macOS Monterey 12.2 and iOS 15.3 Release Candidates Fix Safari Bug That Leaks Browsing Activity

The macOS Monterey 12.2 and iOS 15.3 release candidates that came out today appear to address a Safari bug that could cause your recent browsing history and details about your identity to be leaked to malicious entities.

safari icon blue banner
As shared last week by browser fingerprinting service FingerprintJS, there is an issue with the WebKit implementation of the IndexedDB JavaScript API. Any website that uses IndexedDB can access the names of IndexedDB databases generated by other websites during the same browsing session.

The bug permits a website to spy on other websites that the user visits while Safari is open, and because some websites use user-specific identifiers in their IndexedDB database names, personal information can be gleaned about the user and their browsing habits.

Browsers that use Apple's WebKit engine are impacted, and that includes Safari 15 for Mac and Safari for iOS 15 and iPadOS 15. Some third-party browsers like Chrome are also affected on iOS and iPadOS 15, but the macOS Monterey 12.2, iOS 15.3, and iPadOS 15.3 updates fix the vulnerability.

FingerprintJS constructed a demo website to let users check to see whether they're impacted, and as 9to5Mac notes, after updating to the new software, the website detects no security holes.

The website is designed to tell users details about their Google accounts. On iOS 15.2.1 and macOS Monterey 12.1, we tested and the demo website was able to detect our Google account. After updating to the macOS Monterey 12.2 RC and the iOS 15.3 RC, the demo website no longer detects any data.

Apple earlier this week prepared a fix for the bug and uploaded it to the WebKit page on GitHub, so we knew that Apple was working to address the vulnerability. With the macOS Monterey 12.2 and iOS 15.3 release candidates now available, we could see these updates be made available to the public as soon as next week.

Tag: Safari
Related Forums: iOS 15, macOS Monterey

Popular Stories

Apple Vision Pro 2 Feature 2

Apple Reportedly Suspends Work on Vision Pro 2

Tuesday June 18, 2024 8:17 am PDT by
Apple has suspended work on the second-generation Vision Pro headset to singularly focus on a cheaper model, The Information reports. Apple was widely believed to have plans to divide its Vision product line into two models, with one "Pro" model and one lower-cost standard model. The company is said to have been deprioritizing the next Vision Pro headset over the past year, gradually...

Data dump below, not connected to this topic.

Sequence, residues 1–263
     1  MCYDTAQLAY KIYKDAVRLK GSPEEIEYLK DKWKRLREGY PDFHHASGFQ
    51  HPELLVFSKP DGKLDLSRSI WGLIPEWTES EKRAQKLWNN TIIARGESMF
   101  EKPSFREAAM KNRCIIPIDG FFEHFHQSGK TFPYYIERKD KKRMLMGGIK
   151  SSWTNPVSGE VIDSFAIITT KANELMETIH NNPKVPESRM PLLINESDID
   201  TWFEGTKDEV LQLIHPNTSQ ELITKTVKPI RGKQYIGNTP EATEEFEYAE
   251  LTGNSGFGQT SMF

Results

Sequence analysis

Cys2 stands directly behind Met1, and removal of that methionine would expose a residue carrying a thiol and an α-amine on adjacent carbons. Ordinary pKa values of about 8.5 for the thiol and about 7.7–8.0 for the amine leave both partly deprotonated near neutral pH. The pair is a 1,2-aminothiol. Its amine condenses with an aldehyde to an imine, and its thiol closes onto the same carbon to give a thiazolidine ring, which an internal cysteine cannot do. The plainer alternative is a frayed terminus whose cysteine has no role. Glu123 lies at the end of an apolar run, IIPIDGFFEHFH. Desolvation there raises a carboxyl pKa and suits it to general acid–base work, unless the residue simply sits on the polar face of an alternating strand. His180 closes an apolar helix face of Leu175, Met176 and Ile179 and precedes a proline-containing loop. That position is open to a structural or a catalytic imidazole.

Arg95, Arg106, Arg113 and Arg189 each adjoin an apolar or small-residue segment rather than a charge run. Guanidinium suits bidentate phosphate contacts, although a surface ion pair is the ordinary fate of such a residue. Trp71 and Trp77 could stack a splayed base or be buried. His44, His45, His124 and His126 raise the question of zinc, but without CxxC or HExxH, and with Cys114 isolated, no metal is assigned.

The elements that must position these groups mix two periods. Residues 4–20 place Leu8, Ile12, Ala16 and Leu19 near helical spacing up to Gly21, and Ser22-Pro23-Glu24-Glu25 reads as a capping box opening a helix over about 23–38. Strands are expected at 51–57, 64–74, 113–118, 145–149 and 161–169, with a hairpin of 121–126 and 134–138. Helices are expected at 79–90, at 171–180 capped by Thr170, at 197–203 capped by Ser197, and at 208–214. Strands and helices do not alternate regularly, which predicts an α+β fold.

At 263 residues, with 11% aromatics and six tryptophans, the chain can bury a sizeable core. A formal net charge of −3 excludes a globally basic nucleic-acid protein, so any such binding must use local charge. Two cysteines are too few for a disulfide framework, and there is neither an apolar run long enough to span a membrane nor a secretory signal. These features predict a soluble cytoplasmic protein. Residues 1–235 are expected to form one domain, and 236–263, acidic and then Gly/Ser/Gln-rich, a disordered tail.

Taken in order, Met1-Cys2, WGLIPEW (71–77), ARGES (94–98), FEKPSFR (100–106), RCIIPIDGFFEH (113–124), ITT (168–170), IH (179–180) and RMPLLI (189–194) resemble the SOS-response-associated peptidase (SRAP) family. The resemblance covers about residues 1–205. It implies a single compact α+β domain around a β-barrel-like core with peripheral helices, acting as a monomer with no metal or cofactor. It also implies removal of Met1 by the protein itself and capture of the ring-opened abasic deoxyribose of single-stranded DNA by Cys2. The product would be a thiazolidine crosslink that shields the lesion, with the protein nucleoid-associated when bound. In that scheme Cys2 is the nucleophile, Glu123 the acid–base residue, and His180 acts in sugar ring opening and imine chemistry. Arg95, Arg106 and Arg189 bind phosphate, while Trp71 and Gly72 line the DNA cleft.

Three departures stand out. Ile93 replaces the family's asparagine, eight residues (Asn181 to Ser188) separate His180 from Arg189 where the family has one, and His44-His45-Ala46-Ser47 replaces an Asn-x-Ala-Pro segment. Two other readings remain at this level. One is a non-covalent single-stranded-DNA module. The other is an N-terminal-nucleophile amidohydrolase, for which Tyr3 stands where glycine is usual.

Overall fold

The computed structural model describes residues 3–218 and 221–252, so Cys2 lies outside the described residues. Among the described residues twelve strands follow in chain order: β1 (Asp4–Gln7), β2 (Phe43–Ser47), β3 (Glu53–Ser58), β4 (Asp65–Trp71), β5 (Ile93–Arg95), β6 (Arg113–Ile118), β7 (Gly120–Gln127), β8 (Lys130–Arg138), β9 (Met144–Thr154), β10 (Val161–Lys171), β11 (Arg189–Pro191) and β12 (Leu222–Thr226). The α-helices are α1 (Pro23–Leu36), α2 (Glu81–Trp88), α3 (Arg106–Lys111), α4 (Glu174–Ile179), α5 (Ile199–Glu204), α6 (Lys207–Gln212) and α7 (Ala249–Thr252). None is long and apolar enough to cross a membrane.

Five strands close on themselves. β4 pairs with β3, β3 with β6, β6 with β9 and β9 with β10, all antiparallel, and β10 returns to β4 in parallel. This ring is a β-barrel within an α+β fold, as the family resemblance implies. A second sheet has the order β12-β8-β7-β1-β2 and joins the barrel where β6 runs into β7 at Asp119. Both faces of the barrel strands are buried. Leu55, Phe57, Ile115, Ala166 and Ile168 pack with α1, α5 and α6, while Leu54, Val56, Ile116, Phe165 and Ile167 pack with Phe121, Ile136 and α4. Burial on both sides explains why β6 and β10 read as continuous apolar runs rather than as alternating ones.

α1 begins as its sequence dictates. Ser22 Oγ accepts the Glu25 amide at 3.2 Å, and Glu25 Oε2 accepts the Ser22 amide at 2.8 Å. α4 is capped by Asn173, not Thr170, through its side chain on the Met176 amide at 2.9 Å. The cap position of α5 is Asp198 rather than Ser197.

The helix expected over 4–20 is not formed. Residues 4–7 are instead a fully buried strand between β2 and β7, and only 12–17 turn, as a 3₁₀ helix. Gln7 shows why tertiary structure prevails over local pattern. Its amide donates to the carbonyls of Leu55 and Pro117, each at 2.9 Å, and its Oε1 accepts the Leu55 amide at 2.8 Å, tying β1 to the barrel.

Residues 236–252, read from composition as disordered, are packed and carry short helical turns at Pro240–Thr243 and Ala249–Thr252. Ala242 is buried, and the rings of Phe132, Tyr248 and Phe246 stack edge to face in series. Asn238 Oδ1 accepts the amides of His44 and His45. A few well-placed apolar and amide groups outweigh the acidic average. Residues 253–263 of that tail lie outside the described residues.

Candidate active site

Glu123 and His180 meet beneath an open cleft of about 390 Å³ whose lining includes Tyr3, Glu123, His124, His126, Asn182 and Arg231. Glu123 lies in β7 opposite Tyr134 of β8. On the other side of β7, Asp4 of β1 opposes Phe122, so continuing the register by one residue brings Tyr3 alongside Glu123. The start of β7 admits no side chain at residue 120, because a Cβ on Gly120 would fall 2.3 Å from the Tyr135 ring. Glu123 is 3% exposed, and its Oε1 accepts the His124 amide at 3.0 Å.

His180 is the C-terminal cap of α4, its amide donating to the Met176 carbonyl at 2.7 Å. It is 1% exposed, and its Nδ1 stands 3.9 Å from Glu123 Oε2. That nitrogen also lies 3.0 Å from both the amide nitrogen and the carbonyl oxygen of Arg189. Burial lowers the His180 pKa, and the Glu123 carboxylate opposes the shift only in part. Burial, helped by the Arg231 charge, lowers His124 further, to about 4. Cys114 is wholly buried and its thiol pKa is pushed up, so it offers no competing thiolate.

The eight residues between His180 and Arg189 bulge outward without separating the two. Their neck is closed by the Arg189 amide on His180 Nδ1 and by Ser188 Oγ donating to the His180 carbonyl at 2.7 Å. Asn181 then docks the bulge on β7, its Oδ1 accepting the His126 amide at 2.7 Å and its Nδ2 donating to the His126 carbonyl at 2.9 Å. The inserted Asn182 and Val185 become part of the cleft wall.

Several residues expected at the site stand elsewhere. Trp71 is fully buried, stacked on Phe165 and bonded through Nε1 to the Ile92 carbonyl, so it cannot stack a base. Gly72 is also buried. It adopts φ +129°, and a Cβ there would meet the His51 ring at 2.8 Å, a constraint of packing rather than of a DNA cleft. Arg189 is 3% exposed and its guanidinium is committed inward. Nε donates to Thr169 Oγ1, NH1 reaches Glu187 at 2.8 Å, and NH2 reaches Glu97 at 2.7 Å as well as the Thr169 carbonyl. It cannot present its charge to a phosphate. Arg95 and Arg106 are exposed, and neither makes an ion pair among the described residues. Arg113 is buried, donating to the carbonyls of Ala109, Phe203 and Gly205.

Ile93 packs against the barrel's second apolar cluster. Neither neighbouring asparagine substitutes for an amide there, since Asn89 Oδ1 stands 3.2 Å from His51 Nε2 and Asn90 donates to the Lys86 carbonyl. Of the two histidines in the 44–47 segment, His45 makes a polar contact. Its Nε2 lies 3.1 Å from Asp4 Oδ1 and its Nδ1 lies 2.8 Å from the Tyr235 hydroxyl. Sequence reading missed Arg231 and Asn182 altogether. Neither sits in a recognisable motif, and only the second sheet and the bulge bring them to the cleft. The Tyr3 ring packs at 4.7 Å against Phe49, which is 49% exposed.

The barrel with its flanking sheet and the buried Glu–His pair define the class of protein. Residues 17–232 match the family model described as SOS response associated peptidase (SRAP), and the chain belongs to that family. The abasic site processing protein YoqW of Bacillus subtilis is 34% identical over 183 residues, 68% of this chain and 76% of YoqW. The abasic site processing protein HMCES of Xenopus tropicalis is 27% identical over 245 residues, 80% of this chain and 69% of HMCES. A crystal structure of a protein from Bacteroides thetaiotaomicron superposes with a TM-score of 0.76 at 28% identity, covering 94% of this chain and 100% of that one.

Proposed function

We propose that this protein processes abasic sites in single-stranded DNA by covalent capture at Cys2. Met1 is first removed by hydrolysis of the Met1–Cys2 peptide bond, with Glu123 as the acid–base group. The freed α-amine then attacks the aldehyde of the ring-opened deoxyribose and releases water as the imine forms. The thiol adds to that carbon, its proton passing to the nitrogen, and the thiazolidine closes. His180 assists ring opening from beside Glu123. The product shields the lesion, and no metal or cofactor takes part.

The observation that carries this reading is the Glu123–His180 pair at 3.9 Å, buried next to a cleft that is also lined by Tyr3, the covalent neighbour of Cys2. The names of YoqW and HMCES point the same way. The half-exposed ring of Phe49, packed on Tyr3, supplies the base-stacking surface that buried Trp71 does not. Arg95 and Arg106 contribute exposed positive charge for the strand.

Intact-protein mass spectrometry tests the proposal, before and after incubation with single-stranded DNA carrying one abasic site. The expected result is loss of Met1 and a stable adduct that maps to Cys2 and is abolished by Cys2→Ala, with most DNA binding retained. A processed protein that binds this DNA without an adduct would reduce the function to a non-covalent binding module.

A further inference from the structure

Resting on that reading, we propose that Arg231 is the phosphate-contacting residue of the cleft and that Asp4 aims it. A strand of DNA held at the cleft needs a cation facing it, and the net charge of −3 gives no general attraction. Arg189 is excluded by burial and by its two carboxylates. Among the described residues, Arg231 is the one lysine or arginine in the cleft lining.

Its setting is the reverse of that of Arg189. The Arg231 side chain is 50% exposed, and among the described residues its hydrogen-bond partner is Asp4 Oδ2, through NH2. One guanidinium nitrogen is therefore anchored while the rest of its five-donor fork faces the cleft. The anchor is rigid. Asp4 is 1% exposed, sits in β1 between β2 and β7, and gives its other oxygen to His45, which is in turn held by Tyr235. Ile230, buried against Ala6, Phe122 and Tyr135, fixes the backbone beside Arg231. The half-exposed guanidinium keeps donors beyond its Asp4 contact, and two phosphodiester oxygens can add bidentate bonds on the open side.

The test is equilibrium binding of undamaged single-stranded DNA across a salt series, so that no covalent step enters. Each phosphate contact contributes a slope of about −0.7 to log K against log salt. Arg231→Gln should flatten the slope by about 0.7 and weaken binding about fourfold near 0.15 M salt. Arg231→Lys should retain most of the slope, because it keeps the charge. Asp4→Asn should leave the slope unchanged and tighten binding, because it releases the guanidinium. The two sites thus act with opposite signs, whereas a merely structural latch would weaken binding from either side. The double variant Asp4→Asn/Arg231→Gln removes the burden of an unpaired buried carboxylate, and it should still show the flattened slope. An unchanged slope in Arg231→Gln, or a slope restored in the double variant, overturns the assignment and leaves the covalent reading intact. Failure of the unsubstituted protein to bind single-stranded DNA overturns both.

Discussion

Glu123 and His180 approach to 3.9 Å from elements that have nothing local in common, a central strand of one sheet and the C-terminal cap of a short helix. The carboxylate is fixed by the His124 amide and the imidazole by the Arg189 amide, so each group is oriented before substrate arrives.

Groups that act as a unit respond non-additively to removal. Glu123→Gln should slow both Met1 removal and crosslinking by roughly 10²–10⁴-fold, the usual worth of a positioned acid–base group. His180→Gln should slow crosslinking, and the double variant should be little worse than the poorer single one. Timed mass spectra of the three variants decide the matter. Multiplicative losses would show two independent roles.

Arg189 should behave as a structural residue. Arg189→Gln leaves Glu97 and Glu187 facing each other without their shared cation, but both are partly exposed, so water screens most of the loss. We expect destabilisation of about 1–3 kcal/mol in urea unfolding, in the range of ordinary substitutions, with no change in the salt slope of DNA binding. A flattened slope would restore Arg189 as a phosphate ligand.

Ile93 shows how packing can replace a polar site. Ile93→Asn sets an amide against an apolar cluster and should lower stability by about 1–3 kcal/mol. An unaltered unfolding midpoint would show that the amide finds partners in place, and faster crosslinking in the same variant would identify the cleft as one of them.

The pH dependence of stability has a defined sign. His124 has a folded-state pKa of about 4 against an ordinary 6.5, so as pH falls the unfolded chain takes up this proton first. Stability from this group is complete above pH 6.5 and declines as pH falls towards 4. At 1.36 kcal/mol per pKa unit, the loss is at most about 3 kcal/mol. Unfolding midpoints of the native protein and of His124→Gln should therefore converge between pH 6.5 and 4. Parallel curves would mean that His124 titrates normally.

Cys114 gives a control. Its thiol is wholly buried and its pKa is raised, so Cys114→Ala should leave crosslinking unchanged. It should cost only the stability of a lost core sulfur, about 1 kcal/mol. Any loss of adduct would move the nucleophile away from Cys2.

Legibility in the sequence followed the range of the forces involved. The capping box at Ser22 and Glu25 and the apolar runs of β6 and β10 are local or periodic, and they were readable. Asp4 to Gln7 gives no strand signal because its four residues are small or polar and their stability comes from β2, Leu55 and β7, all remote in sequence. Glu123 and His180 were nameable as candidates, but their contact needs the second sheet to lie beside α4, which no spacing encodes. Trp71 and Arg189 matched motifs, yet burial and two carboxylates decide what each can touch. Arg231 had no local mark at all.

apple watch series 9 display

Kuo: Apple Watch Series 10 to Get Larger Screen and Thinner Design

Monday June 17, 2024 1:20 am PDT by
This year's Apple Watch Series 10 will be thinner and come in larger screen sizes than previous models, according to Apple analyst Ming-Chi Kuo. In his latest industry note -10-and-98075c44ce92">shared on Medium, Kuo said the screen size options on the next-generation Apple Watch will increase from 41mm to 45mm, and from 45mm to 49mm, while being encased in a thinner design. For reference,...
2022 back to school apple feature

Apple's 2024 Back to School Sale Launching This Week

Monday June 17, 2024 12:27 pm PDT by
Apple will launch its annual Back to School promotion for university students in the United States and Canada this week, according to Bloomberg's Mark Gurman. Apple's back to school sales provide students with a free Apple gift card when purchasing a Mac or an iPad, and this year's promotion could help Apple push the new M2 iPad Air and M4 iPad Pro models. Last year, Apple offered U.S....
Apple Pay Later feature 1

Apple Discontinuing Apple Pay Later

Monday June 17, 2024 11:44 am PDT by
Apple is discontinuing Apple Pay Later, the buy now, pay later feature that it just launched last October. Apple Pay Later is being discontinued as of today, but people who have existing Apple Pay Later loans will be able to continue to pay them off and manage them through the Wallet app. Apple announced plans to end the feature in a statement provided to 9to5Mac, which also notes that...
iOS 18 CarPlay Feature

iOS 18 Adds These 5 New Features to CarPlay

Thursday June 13, 2024 7:44 am PDT by
Apple did not mention CarPlay during its WWDC keynote this week, but iOS 18 includes a handful of new features for the in-car software. Overall, there is not a whole lot new for CarPlay on iOS 18, with changes seemingly limited to the Messages and Settings apps so far. Below, we recap everything new for CarPlay on iOS 18. New for CarPlay on iOS 18 1. Contact Photos in Messages App...
iPod Nano vs iPod Pro Ad Feature 1

Apple Developing Thinner MacBook Pro, Apple Watch, and iPhone

Monday June 17, 2024 2:22 am PDT by